If that's how you define socialism, then I guess I'm a socialist. PLOWBOY: But wouldn't you admit that achieving true democracy here and abroad—especially when, as you say, economic power is getting more and more concentrated—seems almost impossible? LAPPE: My lifetime is just a tiny wink in the sweep of history, and I believe that what I'm doing is part of along human evolutionary process, so I don't expect to see all the changes I've dreamed of. But humanity is making progress.

It's been only in very recent history that we've begun—on a society-wide basis-to demolish myths that kept huge segments of the population in place for centuries and justified the status quo. Of course, many such doctrines-which legitimized the caste system in India and allowed repression of women in the Middle East-have yet to crack, worldwide.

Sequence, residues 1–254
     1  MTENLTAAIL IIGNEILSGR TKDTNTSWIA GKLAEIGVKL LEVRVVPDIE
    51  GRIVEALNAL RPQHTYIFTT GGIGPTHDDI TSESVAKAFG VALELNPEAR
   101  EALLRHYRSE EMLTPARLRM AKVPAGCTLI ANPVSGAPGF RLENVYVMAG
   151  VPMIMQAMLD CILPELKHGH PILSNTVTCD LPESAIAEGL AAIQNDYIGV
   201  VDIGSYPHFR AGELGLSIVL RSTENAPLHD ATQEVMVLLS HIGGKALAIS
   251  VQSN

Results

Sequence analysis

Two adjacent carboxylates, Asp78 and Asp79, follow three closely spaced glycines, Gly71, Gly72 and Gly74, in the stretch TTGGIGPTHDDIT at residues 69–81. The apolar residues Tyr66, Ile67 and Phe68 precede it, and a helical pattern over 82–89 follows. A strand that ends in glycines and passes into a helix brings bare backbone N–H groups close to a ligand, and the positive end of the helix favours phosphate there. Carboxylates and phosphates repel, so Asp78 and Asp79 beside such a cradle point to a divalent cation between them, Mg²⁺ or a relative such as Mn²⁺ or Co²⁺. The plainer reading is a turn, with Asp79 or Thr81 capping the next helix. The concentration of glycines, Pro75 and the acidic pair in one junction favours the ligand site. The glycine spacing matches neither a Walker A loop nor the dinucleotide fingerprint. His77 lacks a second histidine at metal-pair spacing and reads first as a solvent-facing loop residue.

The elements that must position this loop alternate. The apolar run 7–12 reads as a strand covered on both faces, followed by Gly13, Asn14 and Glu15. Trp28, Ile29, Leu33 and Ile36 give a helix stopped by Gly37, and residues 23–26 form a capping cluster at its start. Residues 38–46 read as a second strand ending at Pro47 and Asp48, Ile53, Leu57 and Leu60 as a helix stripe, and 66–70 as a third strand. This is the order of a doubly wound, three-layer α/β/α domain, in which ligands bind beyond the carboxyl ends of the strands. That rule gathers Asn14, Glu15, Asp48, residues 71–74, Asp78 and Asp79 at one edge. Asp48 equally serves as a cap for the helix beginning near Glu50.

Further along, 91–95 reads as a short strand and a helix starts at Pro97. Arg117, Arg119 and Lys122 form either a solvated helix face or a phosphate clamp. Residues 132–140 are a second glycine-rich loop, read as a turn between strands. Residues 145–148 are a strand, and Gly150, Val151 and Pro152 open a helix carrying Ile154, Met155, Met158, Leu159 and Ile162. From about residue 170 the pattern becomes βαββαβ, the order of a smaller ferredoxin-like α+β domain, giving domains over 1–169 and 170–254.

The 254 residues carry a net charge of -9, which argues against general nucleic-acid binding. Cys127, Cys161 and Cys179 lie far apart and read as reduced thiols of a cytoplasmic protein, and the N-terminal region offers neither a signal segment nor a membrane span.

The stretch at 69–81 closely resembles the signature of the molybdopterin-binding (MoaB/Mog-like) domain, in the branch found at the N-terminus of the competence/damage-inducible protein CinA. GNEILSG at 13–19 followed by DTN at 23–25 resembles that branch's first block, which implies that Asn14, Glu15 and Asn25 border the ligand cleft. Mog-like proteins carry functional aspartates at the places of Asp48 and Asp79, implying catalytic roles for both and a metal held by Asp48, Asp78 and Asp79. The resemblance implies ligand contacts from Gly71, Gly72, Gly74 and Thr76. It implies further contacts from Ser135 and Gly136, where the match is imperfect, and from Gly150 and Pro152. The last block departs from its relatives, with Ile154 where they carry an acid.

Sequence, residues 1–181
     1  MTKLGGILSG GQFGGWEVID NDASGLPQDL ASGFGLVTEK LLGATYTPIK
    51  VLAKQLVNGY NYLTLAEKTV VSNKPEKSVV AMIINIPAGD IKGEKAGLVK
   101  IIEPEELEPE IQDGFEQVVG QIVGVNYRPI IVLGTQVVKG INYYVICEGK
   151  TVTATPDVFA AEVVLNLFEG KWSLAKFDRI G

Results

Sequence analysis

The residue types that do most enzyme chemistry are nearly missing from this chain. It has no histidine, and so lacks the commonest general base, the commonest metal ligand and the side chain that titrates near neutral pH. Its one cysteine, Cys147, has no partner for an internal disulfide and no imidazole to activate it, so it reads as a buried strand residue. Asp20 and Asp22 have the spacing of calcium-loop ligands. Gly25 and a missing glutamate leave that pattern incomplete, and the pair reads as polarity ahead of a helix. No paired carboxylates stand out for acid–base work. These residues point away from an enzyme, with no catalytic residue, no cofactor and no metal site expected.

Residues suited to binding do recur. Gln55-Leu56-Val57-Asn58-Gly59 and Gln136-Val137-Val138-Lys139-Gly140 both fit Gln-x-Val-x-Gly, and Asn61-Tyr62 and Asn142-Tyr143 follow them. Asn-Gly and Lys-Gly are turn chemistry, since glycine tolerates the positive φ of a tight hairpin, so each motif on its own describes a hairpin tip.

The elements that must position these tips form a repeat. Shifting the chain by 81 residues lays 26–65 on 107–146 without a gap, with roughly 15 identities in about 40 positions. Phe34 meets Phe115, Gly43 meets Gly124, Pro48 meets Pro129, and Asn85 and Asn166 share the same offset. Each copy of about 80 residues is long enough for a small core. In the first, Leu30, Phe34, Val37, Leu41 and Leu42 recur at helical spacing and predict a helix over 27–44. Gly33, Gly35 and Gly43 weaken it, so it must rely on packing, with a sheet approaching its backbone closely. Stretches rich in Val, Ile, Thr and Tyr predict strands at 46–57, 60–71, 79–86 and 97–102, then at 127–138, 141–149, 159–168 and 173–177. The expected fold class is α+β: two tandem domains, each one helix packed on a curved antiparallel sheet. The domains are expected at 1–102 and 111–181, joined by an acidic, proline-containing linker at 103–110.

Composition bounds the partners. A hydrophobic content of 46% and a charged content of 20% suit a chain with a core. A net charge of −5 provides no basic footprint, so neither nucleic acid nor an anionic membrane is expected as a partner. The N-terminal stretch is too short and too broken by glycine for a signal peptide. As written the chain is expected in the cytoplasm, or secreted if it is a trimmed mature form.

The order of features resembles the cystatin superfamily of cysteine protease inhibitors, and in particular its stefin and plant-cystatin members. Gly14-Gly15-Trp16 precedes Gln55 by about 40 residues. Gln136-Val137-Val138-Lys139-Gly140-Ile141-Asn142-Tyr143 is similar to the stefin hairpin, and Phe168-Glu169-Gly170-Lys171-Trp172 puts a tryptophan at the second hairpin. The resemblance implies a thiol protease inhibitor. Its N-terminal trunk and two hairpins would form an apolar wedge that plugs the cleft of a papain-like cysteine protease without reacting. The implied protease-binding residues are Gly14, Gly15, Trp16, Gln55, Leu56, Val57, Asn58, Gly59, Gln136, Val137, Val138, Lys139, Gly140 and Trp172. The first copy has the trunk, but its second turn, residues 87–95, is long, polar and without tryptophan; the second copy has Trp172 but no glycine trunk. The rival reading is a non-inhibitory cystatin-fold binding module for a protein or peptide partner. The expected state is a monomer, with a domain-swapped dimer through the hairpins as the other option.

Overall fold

PLOWBOY: If you see an increasing belief in people's abilities and rights along with greater concentration of economic power, you must be expecting some serious collisions between the two opposing forces.

Maybe I misled you by saying that I don't expect to see the fruits of my work in my lifetime. I feel that way, for the most part, because I'm a U. Our nation-with its enormous wealth, resources, and military might-will probably be one of the last countries to undergo any profound change.

I'd most likely feel different about the future if I lived in a village in the Philippines. My work, though, is in the United States, and we still have a long way to go. Now I don't mean to say that once there's a revolution in a country like El Salvador, the people will automatically establish the ultimate righteous form of government, and then things will be better forever.